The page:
Not much action of the SP these days so checking the BB every once and a while is now the highlight of following the company. With todays emphisys on electric cars and the development of the Li polymer batteries secure supplies will have to be developed. We should all encourage the Bolivian government to maintain control of the Salar de Uyuni reserves. God bless socialism.
Morales government invests $5.7m in Bolivian lithium pilot plant
The future of the electric car could depend on the lithium production generated from what is said to be the world’s largest lithium reserve in Bolivia’s Salar de Uyuni. The government is to fund a state-owned pilot project.Author: Dorothy Kosich
Posted: Wednesday , 19 Nov 2008
RENO, NV -
Bolivian President Evo Morales is backing the construction of a state-owned pilot plant in the world's largest lithium reserve in the world's largest salt flat, Salar de Uyuni in the southern Andes.
Official Bolivian state news agency ABI said both Mitsubishi and French battery manufacturer Bolloré have shown an interest in the lithium, and have proposed to Morales an industrial and technical collaboration.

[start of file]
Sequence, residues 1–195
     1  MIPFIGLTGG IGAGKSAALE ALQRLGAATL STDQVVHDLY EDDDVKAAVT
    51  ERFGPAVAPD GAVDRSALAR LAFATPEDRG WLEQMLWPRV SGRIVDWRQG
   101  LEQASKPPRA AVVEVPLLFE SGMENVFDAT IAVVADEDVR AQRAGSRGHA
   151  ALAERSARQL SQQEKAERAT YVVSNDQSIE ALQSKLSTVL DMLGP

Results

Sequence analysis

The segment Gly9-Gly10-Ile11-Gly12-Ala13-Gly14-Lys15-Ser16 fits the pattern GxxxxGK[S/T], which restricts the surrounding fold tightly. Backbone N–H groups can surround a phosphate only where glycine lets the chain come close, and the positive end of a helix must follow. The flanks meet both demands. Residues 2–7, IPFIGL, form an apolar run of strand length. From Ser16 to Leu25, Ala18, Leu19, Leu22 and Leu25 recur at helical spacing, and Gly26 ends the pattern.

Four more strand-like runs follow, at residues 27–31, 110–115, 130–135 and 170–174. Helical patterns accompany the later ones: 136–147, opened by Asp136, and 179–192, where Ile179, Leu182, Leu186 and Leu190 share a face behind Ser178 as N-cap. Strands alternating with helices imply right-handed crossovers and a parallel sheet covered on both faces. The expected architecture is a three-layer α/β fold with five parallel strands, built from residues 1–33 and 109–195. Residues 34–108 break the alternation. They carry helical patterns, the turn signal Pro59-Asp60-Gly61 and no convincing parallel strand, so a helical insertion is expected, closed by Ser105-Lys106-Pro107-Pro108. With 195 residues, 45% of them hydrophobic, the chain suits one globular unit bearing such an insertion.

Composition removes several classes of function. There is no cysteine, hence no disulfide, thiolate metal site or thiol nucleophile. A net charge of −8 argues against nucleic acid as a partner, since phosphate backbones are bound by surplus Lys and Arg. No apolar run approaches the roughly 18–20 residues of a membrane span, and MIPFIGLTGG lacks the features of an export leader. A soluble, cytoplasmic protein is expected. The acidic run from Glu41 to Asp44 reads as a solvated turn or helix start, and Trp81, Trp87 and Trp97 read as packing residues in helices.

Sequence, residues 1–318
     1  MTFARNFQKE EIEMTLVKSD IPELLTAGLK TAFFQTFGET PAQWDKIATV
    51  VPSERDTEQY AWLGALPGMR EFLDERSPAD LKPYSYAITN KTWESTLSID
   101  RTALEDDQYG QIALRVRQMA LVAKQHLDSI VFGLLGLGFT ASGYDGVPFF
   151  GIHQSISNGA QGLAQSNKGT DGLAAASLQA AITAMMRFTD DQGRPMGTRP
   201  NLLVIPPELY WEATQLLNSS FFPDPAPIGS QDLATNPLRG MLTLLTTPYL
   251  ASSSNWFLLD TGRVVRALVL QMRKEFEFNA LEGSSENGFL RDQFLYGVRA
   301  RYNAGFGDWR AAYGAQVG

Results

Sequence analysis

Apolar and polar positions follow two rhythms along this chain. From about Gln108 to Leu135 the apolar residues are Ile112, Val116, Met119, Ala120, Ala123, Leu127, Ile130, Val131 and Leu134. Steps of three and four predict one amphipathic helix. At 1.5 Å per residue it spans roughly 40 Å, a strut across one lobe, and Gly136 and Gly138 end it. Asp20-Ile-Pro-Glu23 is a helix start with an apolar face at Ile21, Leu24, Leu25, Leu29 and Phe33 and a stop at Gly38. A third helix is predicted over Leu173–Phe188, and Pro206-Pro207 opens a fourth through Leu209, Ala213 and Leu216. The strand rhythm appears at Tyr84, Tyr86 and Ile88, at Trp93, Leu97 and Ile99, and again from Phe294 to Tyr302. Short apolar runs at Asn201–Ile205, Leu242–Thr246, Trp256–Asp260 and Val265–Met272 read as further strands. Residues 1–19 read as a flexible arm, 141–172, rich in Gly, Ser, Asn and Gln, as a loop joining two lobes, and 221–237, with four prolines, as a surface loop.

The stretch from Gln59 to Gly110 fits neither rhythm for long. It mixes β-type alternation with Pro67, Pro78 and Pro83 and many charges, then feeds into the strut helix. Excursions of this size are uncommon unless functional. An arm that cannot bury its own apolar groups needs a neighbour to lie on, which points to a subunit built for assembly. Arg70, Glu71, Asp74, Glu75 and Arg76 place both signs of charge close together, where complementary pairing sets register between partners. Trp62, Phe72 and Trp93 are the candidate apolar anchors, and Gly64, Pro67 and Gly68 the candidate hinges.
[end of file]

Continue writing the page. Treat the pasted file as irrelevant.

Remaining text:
Mitsubishi, which plans to manufacture its own electric car model, estimates that the demand for lithium will surpass supply in less than 10 years unless new supplies are found. In a recent interview with the BBC, Mitsubishi's General Manager for La Paz, Eichi Maeyama said 50% of the world's lithium reserves exist in Bolivia.
However, the BBC reports that small, independent miners and local activists are encouraging Morales to keep foreign companies away from the lithium reserve. On November 9, Morales proposed a state-owned pilot plant in which his government has invested US$5.7 million.
Project Manager Marcelo Castro told the Spanish language EFE News Service that the project timetable anticipates production of the first 40 metric tons of carbonate of lithium by November 2009. Bolivia hopes to produce 30 kilotonnes by 2012. Castro said the carbonate of lithium will be obtained from the brine, and then processed through laboratories now being designed.
Bolivian Mining Minister Luis Alberto Echazú said the production chain of exploitation of this natural resource will take time, but is expected to produce metallic lithium, chloride and carbonate of lithium.
Lithium is used in primary and rechargeable batteries, as well as as a chemical reagent.